Earlier this year, Illinois passed the Paid Leave for all Workers Act, 820 ILCS 192/1 et seq. (the “Act”). The Act goes into effect on January 1, 2024. It requires nearly all Illinois employers to offer 40 hours of paid leave for any reason to all their employees.
Generally, the Act applies to all Illinois employers, including individuals, incorporated entities, and unincorporated entities. Exceptions to the Act include school districts and park districts. Employers subject to local paid time off ordinances may also be exempt.
The term “employee” is broadly defined under the Act. It includes full-time, part-time, exempt, and non-exempt employees. Exceptions to the Act include independent contractors, employees subject to the Federal Railway Labor Act, short-term employees in higher education, enrolled students who are employed on a temporary basis by their college, certain employees in the construction industry who are subject to collective bargaining agreements, and certain employees in the national or internationally transportation industry who are subject to collective bargaining agreements. Additionally, employees represented by a union can be excluded from the Act, so long as the union’s agreement explicitly waives compliance with the Act.
Under the Act, employees must accrue paid leave at a rate of at least one hour of paid time off for every 40 hours worked. Unused paid time off must be carried over to the next year, but an employee’s accrued time off balance can be capped at 40 hours.
Alternatively, employers can front-load the paid time off, such that the time off is available on the first day of the year. If the paid time off is front-loaded, employers do not need to carry over the time to the next year, and may have a “use it or lose it” policy regarding the paid time off.
Employees may use the leave for any purposes and are not required to inform their employer of the purpose. Employers are prohibited from requiring any certification related the paid leave under the Act.
Unlike vacation time or traditional PTO, unused paid time off under the Act does not need to be paid out upon termination, so long as its balance is kept separate from any other form of paid time off provided by the employer.
Designation of 12-Month Period
The 12-month period may be any consecutive 12-month period designated by the employer in writing at the time of hire. Changes to the 12-month period may be made by the employer if notice is given to employees in writing prior to the change and the change does not reduce the eligible accrual rate and paid leave available to the employee. If the employer changes the designated 12-month period, the employer shall provide the employee with documentation of the balance of hours worked, paid leave accrued and taken, and the remaining paid leave balance.
The Act contains a number of additional provisions that each employer will need to consider when administering paid leave under the Act, including determination of the appropriate pay rate, minimum increments of usage, coordination of leave benefits, use of leave during an employee’s probationary period, availability of leave for re-hires and transfers, notice requirements, recordkeeping and prohibitions on retaliation.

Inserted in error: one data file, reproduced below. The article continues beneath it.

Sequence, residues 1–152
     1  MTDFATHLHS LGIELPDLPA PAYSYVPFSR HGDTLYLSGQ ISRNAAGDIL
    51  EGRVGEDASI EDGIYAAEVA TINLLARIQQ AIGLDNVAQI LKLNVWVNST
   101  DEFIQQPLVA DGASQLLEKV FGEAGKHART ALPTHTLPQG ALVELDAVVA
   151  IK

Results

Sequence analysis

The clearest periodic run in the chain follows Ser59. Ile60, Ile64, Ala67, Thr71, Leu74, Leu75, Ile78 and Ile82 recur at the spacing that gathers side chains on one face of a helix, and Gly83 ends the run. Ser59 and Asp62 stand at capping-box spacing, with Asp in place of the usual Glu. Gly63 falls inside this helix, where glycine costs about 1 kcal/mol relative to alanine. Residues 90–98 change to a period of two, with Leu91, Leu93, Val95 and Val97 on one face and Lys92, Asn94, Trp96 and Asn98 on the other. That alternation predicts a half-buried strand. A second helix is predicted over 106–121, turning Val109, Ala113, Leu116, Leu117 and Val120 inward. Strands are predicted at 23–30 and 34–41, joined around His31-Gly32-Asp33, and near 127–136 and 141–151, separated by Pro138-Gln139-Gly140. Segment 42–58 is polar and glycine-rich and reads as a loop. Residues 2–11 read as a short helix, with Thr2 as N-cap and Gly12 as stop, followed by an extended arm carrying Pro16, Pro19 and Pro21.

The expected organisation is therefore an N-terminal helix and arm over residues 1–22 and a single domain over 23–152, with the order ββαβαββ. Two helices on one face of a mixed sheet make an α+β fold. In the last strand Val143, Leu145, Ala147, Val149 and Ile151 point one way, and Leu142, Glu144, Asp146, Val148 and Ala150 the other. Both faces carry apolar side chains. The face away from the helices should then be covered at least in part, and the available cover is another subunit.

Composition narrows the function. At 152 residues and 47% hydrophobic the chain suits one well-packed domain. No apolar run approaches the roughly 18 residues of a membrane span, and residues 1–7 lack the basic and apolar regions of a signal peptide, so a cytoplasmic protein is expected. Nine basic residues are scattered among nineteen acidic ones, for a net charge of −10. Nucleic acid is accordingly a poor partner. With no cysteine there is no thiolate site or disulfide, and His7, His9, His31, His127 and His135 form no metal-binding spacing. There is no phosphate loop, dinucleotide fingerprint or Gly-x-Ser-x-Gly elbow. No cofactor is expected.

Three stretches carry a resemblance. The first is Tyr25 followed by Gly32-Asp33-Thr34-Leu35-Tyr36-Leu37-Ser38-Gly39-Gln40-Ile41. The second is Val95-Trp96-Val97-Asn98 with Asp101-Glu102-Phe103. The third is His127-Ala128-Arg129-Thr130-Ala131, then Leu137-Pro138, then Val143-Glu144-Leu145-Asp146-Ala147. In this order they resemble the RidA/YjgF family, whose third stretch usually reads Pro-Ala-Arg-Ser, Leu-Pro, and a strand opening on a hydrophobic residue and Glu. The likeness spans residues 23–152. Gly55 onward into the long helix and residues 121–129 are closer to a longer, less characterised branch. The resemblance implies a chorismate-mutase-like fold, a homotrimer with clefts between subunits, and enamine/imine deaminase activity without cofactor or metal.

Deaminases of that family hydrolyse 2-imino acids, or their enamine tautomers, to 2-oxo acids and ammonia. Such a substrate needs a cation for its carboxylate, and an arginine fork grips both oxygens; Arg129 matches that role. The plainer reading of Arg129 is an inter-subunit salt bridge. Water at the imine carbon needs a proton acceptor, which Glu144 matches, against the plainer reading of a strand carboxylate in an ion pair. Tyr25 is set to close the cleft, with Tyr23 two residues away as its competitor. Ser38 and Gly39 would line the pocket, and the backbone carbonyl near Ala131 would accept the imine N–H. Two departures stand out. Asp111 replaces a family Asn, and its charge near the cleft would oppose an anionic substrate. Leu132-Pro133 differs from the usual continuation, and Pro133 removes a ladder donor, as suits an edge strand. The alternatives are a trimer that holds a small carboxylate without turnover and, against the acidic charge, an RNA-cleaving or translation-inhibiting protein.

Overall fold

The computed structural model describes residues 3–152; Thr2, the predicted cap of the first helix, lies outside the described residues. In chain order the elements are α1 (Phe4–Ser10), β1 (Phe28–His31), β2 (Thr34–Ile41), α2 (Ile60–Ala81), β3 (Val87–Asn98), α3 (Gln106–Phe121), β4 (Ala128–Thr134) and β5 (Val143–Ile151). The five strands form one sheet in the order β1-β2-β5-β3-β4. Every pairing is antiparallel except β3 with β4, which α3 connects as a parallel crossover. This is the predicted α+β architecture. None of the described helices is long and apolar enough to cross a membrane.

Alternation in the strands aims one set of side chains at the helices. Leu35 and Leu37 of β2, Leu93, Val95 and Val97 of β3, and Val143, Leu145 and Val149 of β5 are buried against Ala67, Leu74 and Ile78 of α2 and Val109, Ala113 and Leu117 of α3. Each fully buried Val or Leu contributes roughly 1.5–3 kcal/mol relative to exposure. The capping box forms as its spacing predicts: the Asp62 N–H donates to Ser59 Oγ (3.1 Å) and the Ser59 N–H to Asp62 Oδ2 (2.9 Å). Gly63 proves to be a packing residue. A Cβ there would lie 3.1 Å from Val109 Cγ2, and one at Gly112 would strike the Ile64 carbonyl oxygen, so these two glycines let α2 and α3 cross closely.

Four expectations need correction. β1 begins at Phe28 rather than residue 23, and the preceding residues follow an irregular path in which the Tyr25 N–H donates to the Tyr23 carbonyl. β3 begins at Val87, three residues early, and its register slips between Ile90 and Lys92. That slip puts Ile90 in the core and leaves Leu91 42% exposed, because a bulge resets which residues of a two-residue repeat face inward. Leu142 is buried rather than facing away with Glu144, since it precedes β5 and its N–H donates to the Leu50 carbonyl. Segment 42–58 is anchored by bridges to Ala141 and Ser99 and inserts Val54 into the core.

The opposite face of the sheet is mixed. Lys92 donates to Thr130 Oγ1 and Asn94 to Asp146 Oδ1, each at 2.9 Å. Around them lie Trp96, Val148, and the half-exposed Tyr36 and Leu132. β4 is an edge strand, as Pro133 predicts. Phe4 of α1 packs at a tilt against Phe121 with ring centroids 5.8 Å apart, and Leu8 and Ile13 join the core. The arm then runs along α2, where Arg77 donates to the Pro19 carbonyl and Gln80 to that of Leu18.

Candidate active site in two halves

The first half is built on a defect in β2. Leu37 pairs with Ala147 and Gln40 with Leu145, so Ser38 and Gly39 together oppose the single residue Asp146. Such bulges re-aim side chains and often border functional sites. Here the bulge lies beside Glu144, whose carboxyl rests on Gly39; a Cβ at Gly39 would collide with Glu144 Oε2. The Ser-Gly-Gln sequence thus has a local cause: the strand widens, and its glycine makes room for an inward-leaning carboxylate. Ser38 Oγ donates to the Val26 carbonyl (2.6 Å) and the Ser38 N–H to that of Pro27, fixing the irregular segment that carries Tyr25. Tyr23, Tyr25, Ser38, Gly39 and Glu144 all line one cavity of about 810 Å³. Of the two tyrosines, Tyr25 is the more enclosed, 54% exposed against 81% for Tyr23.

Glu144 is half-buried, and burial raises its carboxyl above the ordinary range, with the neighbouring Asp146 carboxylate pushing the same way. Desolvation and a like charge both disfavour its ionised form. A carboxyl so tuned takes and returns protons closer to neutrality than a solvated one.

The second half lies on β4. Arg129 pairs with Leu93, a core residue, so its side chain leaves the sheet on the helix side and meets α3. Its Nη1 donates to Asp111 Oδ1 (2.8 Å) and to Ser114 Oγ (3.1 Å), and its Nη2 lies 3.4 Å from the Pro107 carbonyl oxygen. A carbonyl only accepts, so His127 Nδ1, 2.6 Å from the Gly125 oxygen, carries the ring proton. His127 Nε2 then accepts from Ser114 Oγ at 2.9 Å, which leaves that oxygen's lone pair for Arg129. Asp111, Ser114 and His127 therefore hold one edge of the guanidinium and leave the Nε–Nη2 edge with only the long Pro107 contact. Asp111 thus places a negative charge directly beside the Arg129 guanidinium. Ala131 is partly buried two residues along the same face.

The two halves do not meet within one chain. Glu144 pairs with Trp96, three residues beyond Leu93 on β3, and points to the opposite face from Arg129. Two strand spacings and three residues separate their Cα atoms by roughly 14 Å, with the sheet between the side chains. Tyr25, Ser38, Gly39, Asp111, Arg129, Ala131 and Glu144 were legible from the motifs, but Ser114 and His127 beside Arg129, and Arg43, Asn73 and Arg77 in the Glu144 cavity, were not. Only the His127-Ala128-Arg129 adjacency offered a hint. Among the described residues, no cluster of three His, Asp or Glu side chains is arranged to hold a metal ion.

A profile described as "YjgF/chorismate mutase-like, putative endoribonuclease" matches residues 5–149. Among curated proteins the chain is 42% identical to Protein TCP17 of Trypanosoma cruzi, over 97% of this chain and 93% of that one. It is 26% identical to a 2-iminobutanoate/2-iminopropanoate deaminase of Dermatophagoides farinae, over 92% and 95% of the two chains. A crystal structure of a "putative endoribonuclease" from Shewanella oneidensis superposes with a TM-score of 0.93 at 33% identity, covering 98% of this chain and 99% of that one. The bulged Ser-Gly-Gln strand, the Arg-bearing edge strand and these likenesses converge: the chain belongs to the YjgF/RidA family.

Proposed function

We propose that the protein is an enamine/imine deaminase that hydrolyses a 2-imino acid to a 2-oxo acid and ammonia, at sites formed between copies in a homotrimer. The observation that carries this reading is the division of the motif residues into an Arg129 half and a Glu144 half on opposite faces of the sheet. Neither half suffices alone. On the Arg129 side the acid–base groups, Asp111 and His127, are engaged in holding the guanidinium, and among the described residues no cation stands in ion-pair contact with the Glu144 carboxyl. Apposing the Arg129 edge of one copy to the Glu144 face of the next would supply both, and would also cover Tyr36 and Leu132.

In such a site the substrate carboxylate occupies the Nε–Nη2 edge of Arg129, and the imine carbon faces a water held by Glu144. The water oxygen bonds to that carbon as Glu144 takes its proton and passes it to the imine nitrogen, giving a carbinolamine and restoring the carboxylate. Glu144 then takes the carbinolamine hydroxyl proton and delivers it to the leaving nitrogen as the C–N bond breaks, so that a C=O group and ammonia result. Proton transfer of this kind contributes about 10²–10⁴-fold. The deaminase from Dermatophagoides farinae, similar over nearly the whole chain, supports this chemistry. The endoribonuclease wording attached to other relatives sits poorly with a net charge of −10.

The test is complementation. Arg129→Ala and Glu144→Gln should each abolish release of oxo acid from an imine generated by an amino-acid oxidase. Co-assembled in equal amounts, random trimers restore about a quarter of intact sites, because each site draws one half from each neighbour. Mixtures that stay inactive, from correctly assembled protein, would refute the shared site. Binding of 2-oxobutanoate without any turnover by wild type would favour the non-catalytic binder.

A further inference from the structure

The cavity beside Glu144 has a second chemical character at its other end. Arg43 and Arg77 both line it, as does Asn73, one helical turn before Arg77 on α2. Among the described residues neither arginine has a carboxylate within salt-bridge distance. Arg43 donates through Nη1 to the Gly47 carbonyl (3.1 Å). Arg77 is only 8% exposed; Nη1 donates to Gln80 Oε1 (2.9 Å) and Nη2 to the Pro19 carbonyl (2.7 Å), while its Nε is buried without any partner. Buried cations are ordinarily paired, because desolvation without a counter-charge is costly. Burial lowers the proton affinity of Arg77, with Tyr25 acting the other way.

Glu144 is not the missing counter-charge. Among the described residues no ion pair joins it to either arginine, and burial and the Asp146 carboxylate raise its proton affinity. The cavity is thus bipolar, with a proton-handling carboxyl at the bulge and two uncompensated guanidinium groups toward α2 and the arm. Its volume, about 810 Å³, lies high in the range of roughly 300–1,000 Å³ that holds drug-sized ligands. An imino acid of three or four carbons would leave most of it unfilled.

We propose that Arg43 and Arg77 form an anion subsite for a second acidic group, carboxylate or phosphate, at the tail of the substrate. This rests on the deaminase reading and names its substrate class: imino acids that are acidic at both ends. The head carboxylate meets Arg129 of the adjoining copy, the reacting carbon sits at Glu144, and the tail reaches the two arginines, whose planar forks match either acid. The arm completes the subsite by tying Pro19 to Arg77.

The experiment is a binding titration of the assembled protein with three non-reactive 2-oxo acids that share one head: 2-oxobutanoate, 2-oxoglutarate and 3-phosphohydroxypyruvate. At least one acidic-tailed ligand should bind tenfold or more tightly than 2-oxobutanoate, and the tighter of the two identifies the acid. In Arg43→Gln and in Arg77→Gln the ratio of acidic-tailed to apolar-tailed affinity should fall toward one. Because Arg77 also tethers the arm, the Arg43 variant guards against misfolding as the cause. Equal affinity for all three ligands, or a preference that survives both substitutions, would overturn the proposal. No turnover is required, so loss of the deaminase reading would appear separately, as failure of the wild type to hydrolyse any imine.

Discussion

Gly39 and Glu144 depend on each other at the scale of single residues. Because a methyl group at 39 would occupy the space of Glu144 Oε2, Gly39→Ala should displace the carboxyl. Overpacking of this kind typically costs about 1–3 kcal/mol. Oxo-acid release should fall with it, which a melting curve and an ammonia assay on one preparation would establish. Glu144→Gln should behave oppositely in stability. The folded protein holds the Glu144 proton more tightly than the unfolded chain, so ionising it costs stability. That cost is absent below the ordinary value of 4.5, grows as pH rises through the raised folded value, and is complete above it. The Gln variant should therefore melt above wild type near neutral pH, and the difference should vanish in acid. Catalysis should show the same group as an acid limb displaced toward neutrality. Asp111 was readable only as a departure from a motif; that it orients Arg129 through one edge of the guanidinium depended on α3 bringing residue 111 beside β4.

The Act will be administered and interpreted by the Illinois Department of Labor. Penalties for violations of the Act include penalties ranging from $500 to $2,500, compensatory damages, and attorney’s fees and costs.
At this point, the Illinois Department of Labor has provided only limited guidance related to the Act. On May 23, 2023, the Department posted answers to eight frequently asked questions. See https://labor.illinois.gov/faqs/paidleavefaq.html. However, there are a number of issues that remain unresolved, especially as it relates to the coordination of leave under the Act and existing leave benefits.
Illinois employers are advised to reach out to their employment law attorneys for assistance in complying with the Act well in advance of its effective date (January 1, 2024). At Reno & Zahm LLP, our professionals have been proud to represent individuals and businesses in Northern Illinois for over 100 years. Our lawyers regularly counsel clients on a wide variety of employment law matters, including paid leave policies. Contact us today at (815) 987-4050 to schedule a consultation.
This posting is for informational purposes only and is not intended to be legal advice. As the facts and circumstances of each employer are unique, the information provided herein should not be used or relied upon without first consulting a lawyer.
The blog published by Reno & Zahm LLP is available for informational purposes only and is not considered legal advice on any subject matter. By viewing blog posts, the reader understands there is no attorney-client relationship between the reader and the blog publisher. The blog should not be used as a substitute for legal advice from a licensed professional attorney, and readers are urged to consult legal counsel on any specific legal questions concerning a specific situation.